Here’s an item sure to pique the interest of audit executives everywhere: the state auditor of North Dakota is in a hissing match with lawmakers there, who just enacted a law requiring him to seek approval from the Legislature’s fiscal review committee before his office conducts performance audits.
The state auditor, Josh Gallion, says he will ignore the law because it violates the state’s constitution, and has a legal analysis from the state attorney general saying so. The Legislature’s top budget analyst, however, says the restriction is law, and will stay in effect until four of five justices on the North Dakota Supreme Court say otherwise.
I’m mostly here for the petty palace intrigue, which state capitols offer in endless supply. Of course, that this is happening in North Dakota makes the spectacle that much more amusing, like Rosencrantz and Guildenstern Are Dead meets an episode of Fargo.
Still, we devotees of all things audit should call out the Legislature’s action for what it is — namely, that material found on cow pastures across North Dakota.
According to the Bismarck Tribune, lawmakers snuck that restriction on Gallion’s audit work into his two-year budget earlier this spring. It went into effect with the state’s new fiscal year, which started on July 1. Gallion and lawmakers on the Legislative Audit and Fiscal Review Committee have been sparring with each other ever since.
The restriction says Gallion must seek committee approval before launching “performance audits,” which the Bismarck Tribune describes as “deep-diving probes on specific, fiscal questions.” Then the Tribune gave a gem of an example: the governor’s use of state aircraft, which Gallion audited in 2018.
Apparently that audit raised a few eyebrows in North Dakota good governance circles. At least, so said the Grand Forks Herald and also the Fargo Forum last year when the audit was published. Another detail: Gallion launched that audit into Gov. Doug Burgum’s use of aircraft after reports that Minnesota energy company Xcel Energy flew Burgum and his wife to Super Bowl LII in 2018.
We can all see what’s going on here: Gallion held a powerful politician accountable for questionable judgment, so that powerful politician had his henchmen in the Legislature try to curb the scope of Gallion’s authority.
Auditor Independence Fights Bank
First, Gallion has one big legal argument in his favor: the state auditor is an elected position in North Dakota. So a legislative act to curb Gallion’s independence raises constitutional issues around separation of powers.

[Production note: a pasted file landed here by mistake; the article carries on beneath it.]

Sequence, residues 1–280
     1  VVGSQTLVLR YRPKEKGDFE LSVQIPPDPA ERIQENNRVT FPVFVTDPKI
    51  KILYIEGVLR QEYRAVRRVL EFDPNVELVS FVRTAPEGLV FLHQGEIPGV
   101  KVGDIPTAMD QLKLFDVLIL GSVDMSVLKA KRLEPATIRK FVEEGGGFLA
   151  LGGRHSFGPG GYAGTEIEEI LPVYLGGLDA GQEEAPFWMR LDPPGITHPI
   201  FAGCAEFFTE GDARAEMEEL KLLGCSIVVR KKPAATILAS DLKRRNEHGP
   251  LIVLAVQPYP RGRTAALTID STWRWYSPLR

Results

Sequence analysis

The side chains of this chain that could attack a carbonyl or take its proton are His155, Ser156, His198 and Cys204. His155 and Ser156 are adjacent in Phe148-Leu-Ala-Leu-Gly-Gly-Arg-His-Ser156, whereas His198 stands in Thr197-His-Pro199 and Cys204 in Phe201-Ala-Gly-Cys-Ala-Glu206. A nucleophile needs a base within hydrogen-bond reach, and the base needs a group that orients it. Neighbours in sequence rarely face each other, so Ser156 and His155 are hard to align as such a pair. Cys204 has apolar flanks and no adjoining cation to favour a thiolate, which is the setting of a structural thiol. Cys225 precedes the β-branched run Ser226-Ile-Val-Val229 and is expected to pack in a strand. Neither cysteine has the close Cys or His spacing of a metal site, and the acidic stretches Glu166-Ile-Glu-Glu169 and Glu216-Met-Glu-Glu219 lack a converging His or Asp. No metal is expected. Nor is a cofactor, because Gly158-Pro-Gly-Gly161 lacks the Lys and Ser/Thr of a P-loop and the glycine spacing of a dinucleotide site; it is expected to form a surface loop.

Gallion had asked the state attorney general, Wayne Stenehjem, for his opinion on the law, and Stenehjem pretty much said it would be unconstitutional for that reason. So last week at a state hearing, Gallion politely but firmly told the Legislative Audit and Fiscal Review Committee that he will follow Stenehjem’s opinion, and lawmakers can hoof it.
More broadly, Gallion’s standoff does raise a thought-provoking point: Can a chief audit executive say that to an audit committee?
In the corporate world, technically the answer is no. The chief audit executive works for the audit committee, and the committee can employ whom it wants. And as we’ve noted before in previous posts about retaliation against compliance and audit executives, some corporate audit committees will indeed send a CAE packing rather than address the misconduct he or she finds.
Then again, in this specific example, North Dakota’s version of the audit committee (the Legislative Audit and Fiscal Review Committee) is clipping the audit executive’s power to protect an ethically questionable chief executive (Gov. Burgum).
At most large companies, an audit committee wouldn’t take an action so brazen to protect a CEO under an ethical cloud, because that invites legal liability that no director in his or her right mind would want.
So while a corporate audit committee could do something like this, I’m hard-pressed to imagine a case at least among large companies where an audit committee actually would. (At smaller companies with less mature governance, or at nonprofits with political constituencies, I’m less sanguine.)
There’s also the question of a chief audit executive needing permission from the audit committee to conduct an audit. (That is what this law requires, after all, whether it’s constitutional or not.)
Again, I suppose a corporate audit committee could impose a rule like that, although I’m hard-pressed to imagine the circumstances where an audit committee would do that. Most audit committee members I know say they rely on the CAE’s knowledge of the organization, with great weight given to what he or she says are the major risks that need attention.
Also, if the audit leader says, “This is a significant risk that we should audit,” and the audit committee says no, back off — well, I know how I’d take that message. As reason to find the nearest exit, and walk through it.
Ultimately, however, Gallion doesn’t work for North Dakota’s audit committee. He works for the people of North Dakota, who elected him in 2016. They are his bosses. So he’s well within his rights to tell legislators looking to undercut his independence that they can buzz off. Let’s hope the voters of North Dakota see this drama for what it is, and reward the right side when Gallion is up for re-election next year.